People

September 17, 2019

Perry Como: Story behind 'Catch a Falling Star' Singer's Children Fight over Dad before He Died

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Prior to his death, crooner Perry Como’s children fought over his medical care.

His daughter Therese Thibadeau and son Ronald Como had some disagreement on Como’s medical care, as reported by Sarasota Herald Tribune.

His major breakthrough came in 1945, with his first million-selling hit, “Till the End of Time.”

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Following their father’s death, Therese questioned Ronald’s ability to be the personal representative of their father’s estate.

Known for hits including “Catch A Falling Star” and “Papa Loves Mambo,” Como died on May 12, 2001, after suffering from Alzheimer’s disease. He was 88.

In a will he signed in 1988, Como named Ronald as the executor of his estate.

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Therese wrote the court in July 2001, saying that her brother might not be fit to represent the estate because of health problems.

But she said she wouldn't oppose her brother's appointment as long as he gave her copies of all court paperwork.

RISE TO STARDOM

It was in the 1930s when Como, a crooning baritone with relaxed vocals, started performing, leaving his job as a steel town barber.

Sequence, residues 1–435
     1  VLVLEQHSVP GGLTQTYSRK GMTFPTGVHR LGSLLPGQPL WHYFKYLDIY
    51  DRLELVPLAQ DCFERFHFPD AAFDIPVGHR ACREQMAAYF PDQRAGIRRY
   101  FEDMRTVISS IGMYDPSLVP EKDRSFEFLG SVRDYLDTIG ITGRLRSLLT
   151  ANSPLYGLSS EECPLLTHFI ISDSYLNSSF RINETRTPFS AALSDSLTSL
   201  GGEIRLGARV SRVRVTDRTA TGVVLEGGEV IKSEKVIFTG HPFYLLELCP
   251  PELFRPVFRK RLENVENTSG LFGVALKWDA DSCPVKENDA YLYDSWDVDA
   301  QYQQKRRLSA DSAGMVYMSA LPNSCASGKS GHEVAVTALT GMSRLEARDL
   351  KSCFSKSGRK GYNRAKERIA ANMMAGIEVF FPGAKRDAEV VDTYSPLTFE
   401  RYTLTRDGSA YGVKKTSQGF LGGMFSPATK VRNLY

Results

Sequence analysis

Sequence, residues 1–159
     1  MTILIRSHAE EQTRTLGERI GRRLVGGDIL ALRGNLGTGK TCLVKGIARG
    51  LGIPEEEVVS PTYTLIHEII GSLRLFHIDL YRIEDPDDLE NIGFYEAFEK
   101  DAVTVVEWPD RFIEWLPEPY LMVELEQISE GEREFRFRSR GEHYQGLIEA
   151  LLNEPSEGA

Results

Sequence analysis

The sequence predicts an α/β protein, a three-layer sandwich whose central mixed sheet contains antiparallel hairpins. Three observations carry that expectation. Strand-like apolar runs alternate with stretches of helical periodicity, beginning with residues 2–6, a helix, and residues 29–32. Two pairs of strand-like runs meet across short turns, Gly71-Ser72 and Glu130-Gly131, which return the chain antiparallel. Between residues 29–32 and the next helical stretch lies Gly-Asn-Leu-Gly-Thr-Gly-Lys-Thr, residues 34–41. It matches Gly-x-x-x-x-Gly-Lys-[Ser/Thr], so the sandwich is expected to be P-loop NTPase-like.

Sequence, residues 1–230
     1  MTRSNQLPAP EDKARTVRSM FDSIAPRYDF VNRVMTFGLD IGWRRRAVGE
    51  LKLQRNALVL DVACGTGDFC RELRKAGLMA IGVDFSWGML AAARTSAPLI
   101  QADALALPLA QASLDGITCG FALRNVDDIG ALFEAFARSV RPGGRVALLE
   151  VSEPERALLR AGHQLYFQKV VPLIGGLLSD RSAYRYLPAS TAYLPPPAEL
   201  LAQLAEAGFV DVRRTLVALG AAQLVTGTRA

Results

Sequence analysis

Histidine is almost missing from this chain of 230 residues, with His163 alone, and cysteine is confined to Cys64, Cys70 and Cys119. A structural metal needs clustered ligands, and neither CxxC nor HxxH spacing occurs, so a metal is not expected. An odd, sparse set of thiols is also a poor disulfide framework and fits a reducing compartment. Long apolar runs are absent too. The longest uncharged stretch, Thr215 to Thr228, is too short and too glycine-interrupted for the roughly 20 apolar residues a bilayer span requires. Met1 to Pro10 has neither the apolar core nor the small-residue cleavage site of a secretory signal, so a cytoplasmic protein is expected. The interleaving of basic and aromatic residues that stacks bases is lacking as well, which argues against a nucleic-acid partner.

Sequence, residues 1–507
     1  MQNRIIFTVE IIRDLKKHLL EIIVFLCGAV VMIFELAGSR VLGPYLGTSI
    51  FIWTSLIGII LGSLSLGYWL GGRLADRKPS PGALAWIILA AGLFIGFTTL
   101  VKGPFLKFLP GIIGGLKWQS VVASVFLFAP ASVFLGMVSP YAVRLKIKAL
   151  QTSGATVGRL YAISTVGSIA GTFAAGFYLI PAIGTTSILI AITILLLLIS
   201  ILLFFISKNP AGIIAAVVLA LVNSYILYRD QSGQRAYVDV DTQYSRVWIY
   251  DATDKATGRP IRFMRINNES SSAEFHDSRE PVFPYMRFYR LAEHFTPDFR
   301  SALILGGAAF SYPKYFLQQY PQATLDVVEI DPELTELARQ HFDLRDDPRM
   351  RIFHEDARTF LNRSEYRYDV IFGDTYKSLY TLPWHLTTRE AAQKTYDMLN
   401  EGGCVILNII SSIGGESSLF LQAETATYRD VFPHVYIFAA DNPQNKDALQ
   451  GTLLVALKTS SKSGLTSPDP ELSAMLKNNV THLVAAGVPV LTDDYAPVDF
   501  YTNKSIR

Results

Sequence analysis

His singing skill was so exemplary that his idol, Bing Crosby, once called him “the man who invented the casual.”

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His major breakthrough came in 1945, with his first million-selling hit, “Till the End of Time.”

In 1948, he made his TV appearance, with NBC's “Chesterfield Supper Club.” Two years later, he moved to CBS for “The Perry Como Show,” which lasted five years.

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In the 1970s, he reentered the music scene with songs like “It's Impossible” and “And I Love You So.”

His former hit, “Catch a Falling Star,” became an iconic song after it became part of the Clint Eastwood-Kevin Costner movie, “A Perfect World.”

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REMINISCING ANOTHER TELEVISION FIGURE

Another television figure who had troubled final years was Ed McMahon, Johnny Carson’s longtime sidekick on “The Tonight Show.”

Prior to his demise, financial and health problems rocked McMahon’s final years.

Budweiser pitchman and longtime sidekick to Johnny Carson on “The Tonight Show,” Ed McMahon faced almost a decade of health and financial troubles that marred the final years of his life.

He passed away at the age of 86 on June 23, 2009, two months after he was taken to the intensive care unit for pneumonia and other medical problems.

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